Additional Sanitation Services Comes To D-31


Efforts to keep the streets of Southeast Queens clean have been bolstered by the office of Councilman Donovan Richards (D-Laurelton), who is allocating $125,000 towards additional sanitation resources in the neighborhoods of Laurelton, Rosedale and Springfield Gardens.

Councilman Donovan Richards allocated $200,000 in city funds to increase sanitation services in his district. Photo courtesy of Twitter

Councilman Donovan Richards allocated $200,000 in city funds to increase sanitation services in his district.
Photo courtesy of Twitter

Richards held a press conference Tuesday morning to officially kick off the services coming to the district, which include additional pick up times, mechanical broom service, 35 weeks of additional basket service, as well as basket service for Merrick Boulevard from Springfield Boulevard to Hook Creek Boulevard on Mondays and Fridays. According to the councilman, public trash cans were often overflowing with waste along busy corridors in these neighborhoods. He hopes that this issue will no longer plague the district’s streets.

“We want to keep Laurelton clean,” Richards said. “One of the key things that communities have to have to attract businesses and clientele is clean streets. The sanitation department has done a great job with the resources that they have, but we all know too well that it isn’t enough. The city has cutback on a lot of the funding that they used to have which allowed them to pick up baskets six days a week.”

An additional $75,000 was allocated towards the implementation of 21 new trash baskets throughout the community, as well as sanitation work from the Wildcat Service Corporation. The non-profit will help remove graffiti from neighborhoods, enforce litter and illegal dumping laws.

Richards said a gap in sanitation funding in the city budget has hit his district particularly hard. Luckily, the city council has worked to help fill that need. In fact, the Southeast Queens stimulus is part of a bigger city wide effort to clean up the city.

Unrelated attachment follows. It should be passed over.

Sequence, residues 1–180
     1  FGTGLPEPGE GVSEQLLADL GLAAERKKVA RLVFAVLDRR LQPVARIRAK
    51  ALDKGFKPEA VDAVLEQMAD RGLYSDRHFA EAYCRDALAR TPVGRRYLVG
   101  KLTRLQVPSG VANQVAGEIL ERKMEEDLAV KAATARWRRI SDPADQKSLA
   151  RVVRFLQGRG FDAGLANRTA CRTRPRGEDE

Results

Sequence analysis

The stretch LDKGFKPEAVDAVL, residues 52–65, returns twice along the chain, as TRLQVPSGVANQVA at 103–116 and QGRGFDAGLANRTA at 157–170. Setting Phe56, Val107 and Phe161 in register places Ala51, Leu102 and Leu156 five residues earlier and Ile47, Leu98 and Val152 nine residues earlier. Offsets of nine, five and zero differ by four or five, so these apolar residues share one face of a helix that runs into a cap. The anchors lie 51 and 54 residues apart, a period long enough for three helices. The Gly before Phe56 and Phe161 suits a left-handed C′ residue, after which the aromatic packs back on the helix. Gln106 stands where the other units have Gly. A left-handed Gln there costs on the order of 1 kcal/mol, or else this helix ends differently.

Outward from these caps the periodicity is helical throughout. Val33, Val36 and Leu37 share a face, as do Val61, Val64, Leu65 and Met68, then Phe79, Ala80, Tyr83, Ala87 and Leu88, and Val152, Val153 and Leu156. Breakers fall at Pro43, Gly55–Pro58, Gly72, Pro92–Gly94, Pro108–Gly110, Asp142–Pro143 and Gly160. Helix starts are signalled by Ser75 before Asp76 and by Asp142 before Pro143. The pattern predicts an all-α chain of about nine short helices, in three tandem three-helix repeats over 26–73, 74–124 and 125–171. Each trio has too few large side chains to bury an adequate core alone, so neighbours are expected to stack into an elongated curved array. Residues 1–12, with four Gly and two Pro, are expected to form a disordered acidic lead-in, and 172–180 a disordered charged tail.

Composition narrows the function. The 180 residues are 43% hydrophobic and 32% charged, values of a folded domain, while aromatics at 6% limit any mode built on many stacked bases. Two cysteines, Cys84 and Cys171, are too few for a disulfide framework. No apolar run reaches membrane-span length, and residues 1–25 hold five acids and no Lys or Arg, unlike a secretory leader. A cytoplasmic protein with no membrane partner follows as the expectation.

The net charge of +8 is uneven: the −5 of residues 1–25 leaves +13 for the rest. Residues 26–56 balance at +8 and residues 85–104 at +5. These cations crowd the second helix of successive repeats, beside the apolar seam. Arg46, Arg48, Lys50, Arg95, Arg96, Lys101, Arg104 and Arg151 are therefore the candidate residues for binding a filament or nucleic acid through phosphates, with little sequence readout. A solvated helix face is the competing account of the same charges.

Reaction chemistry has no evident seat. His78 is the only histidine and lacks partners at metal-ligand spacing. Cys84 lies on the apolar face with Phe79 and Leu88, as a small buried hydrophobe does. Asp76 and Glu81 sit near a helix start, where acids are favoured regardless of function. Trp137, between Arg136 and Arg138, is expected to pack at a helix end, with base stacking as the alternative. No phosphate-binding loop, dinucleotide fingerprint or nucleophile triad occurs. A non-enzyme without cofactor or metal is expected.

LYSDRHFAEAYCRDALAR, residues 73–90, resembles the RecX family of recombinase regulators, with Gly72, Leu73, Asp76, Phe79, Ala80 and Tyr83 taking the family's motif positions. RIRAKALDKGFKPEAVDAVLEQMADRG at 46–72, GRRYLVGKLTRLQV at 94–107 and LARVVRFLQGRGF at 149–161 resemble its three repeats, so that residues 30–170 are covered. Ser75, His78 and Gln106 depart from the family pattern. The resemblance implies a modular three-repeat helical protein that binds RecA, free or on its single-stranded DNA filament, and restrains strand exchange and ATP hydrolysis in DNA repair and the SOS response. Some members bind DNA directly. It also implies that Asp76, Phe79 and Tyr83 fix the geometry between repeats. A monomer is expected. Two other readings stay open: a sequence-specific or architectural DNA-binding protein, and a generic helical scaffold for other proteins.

“We are stepping it up in the council with the NYC Clean Up initiative,” he said. “It is a $10 million initiative. This issue isn’t just central to southeast Queens. I can tell you it crosses party party lines, socio-economics lines, demographics and ethnicities. Everyone one wants clean streets.”

Community partner Robert Glover, President of the Federated Blocks of Laurelton, was thrilled with the news.
“This has been something we’ve been fighting for for a long time,” he told the Press of Southeast Queens.

“Getting sanitation to clean our streets is finally coming to light. This year, 2018, will be the year that Laurelton and Merrick Blvd really sparks. It did me a lot of good this morning to see sanitation was out taking up the garbage and to see Wildcat out doing their job.”

When asked about how the city will enforce proper use of public trash cans in the area, Richards said additional basket services included additional litter patrol by the city’s Department of Sanitation (DSNY). Nick Circharo, Community Affairs Liaison for the DSNY elaborated on these efforts.

“Our enforcement and district personnel are out monitoring business corridors and neighborhoods to make sure that people are complying with rules and regulations,” Circharo said. “We often do enforcement stakeouts where you monitor a chronic dumping area for improper disposal. We are always watching.”

While the DSNY will keep an eye out for improper use of the new baskets, Richards asked that the community stay vigilant for any sort of illegal activity, the most common of which being residents disposing of household garbage at public cans.

“Sanitation comes at least twice a week to your home,” Richards said. “You should be disposing of your trash at your home. I think that has been central to seeing public cans overflowing.”

Richards promised that similar efforts will be coming to the Rockaways this year. Details on that will be revealed in the coming weeks.

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